He racked up huge debts on what critics say were unnecessary infrastructure projects, while also printing large amounts of money, which pushed up inflation and depleted the country’s foreign reserves.

At the end of 2019, Sri Lanka had $US7.6 billion ($A11.1 billion) in foreign currency reserves, but by March 2020 it had only $US2.3 billion ($A3.4 billion).

Anti-government demonstrators take part in protests on Saturday. Picture: Buddhika Weerasinghe/Getty Images

Anti-government demonstrators take part in protests on Saturday. Picture: Buddhika Weerasinghe/Getty Images

As the problem grew worse in 2021, the government banned imports of chemical fertiliser in an attempt to stop the outflow of foreign currency.

Farmers were told to use organic fertilisers instead, leading to widespread crop failures.

Sri Lanka now has to import even more food from overseas, further depleting its foreign currency.

All told, Mr Rajapaksa almost single-handedly led Sri Lanka to its most painful downturn since independence from Britain in 1948.

The country defaulted on its debt in April and went cap-in-hand with the International Monetary Fund which has asked Colombo to raise taxes and restructure loss-making state enterprises.

Currently, most offices in Sri Lanka are shut and all schools are closed but hospitals and the main sea and airports in the capital are still operating.

Hundreds of thousands of motorists waited in queues that stretched for kilometres across the country for petrol and diesel.

The situation was never going to end well.

Firefighters try to douse a fire at the residence of the Sri Lanka Prime Minister during protests in Colombo. Picture: AFP

Firefighters try to douse a fire at the residence of the Sri Lanka Prime Minister during protests in Colombo. Picture: AFP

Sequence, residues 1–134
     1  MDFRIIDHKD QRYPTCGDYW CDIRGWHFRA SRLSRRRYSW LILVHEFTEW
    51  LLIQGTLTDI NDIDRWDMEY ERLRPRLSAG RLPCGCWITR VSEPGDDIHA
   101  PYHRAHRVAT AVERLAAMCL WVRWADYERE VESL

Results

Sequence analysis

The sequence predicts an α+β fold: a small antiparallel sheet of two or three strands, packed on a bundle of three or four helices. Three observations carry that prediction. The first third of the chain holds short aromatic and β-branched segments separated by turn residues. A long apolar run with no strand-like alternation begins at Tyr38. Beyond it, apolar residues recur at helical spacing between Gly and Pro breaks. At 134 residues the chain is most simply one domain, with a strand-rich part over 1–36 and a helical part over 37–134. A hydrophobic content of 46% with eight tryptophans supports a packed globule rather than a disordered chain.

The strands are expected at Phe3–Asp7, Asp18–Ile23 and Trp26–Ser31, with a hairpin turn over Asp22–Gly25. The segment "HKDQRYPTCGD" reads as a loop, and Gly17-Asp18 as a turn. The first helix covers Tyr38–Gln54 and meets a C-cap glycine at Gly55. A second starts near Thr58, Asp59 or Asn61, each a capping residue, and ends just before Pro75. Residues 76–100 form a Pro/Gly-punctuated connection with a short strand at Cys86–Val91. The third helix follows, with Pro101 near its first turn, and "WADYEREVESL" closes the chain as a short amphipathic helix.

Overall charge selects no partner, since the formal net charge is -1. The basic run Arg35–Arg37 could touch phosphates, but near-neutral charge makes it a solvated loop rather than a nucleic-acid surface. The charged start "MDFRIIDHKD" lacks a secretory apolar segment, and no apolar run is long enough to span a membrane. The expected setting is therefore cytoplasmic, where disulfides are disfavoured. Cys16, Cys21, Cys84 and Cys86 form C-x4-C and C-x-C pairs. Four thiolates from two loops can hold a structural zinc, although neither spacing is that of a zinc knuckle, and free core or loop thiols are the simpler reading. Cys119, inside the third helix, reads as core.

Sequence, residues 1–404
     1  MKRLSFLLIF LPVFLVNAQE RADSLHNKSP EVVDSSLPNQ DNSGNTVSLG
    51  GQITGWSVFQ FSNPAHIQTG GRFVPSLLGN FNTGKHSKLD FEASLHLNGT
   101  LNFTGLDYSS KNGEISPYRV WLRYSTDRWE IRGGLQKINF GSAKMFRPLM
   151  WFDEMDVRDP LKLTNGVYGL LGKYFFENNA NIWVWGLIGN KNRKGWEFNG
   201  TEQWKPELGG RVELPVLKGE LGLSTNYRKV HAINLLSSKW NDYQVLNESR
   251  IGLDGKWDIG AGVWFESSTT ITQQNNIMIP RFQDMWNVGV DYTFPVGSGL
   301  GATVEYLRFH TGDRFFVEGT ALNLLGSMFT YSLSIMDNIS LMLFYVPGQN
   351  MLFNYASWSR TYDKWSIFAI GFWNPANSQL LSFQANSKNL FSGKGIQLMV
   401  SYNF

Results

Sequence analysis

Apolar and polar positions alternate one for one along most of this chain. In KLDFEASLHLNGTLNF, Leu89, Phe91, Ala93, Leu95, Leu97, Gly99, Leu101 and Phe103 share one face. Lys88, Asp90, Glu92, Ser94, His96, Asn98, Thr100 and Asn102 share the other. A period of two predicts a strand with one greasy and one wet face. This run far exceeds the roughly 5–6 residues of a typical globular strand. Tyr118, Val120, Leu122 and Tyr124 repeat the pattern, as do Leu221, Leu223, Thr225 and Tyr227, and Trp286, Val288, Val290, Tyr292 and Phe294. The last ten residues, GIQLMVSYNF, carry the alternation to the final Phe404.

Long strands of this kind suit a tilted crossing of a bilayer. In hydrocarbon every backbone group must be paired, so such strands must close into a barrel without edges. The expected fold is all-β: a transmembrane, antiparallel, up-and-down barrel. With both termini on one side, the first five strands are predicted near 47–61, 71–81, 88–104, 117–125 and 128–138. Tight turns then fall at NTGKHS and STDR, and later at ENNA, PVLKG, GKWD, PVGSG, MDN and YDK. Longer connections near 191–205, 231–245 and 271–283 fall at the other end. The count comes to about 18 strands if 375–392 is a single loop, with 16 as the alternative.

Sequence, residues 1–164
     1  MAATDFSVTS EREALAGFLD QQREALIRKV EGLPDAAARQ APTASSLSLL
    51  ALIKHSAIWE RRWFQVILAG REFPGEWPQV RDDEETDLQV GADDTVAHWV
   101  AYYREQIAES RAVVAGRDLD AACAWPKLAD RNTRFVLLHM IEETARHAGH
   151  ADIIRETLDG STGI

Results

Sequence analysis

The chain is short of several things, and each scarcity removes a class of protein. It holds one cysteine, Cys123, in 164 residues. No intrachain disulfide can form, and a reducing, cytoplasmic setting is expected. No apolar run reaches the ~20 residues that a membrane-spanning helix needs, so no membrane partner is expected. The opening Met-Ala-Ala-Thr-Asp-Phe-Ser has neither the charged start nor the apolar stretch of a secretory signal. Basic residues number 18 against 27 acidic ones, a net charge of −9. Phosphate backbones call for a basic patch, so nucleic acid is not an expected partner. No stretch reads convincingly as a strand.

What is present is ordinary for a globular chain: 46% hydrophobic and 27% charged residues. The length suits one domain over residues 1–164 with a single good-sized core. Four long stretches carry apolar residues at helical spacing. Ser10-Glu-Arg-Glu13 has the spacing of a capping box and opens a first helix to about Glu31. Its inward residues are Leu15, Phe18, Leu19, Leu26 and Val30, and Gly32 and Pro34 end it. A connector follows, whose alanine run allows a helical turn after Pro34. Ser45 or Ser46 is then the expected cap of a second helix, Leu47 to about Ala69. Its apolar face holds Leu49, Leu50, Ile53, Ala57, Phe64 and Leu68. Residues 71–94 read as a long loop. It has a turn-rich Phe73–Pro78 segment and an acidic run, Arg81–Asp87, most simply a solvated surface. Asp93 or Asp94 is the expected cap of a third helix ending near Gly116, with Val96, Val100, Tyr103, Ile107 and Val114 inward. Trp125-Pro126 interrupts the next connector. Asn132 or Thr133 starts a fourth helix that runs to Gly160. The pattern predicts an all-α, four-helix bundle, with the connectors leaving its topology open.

The President is gone. From a naval ship, 73-year-old Mr Rajapaksa, who had clung to power even after deadly nationwide violence in May forced his brother Mahinda Rajapaksa to quit as prime minister, told the speaker of parliament he would step down on Wednesday.

Those who have taken over his residence are refusing to leave.

“Our struggle is not over,” student leader Lahiru Weerasekara told reporters.

“We won’t give up this struggle until he actually leaves.”

Protesters living it up

After what they’ve been through, it seems fitting that protesters should be able to live it up for a short time in the opulence of the Presidential Palace – a world, unlike anything they have known.

After storming the gates of the colonial-era mansion, protesters lounged in its many rooms, somersaulting into the compound’s pool and rummaging through Mr Rajapaksa’s clothes.

At a clock tower near the residence, activists hung an effigy of the President on Sunday evening as thousands of onlookers cheered.

The streets leading to the palace were choked with people, some carrying toddlers and wheeling along the elderly.

People crowd inside the Presidential Palace a day after it was overrun by anti-government protesters. Picture: Arun Sankar/AFP

People crowd inside the Presidential Palace a day after it was overrun by anti-government protesters. Picture: Arun Sankar/AFP

Troops had fired in the air to help Mr Rajapaksa escape on Saturday. The President then boarded a naval craft which steamed to the safety of the island’s southern waters.

On Sunday, the Presidential Palace was a free-for-all, with children and parents playing on a grand piano, admiring the expensive artwork, picnicking and taking turns to sit in the President’s chair.

“When leaders live in such luxury, they have no idea how the commoners manage,” Buddhist monk Sri Sumida told AFP.

“This shows what can be done when people decide to exercise their power.”

Following the unrest, Colombo National Hospital said 105 people were brought in on Saturday and that 55 remained under treatment on Sunday, including one in a “very critical” state with a gunshot wound.

But the result is undeniable – the protests forced to change. What happens next will matter even more.

More Coverage

Major development as Sri Lanka unravels

It is unclear who, if anyone, will have enough support to take the reins and lead Sri Lanka out of the mud.

About editor 2673 Articles
Writer and Journalist living in Canada since 1987. Tamil activist.

Be the first to comment

Leave a Reply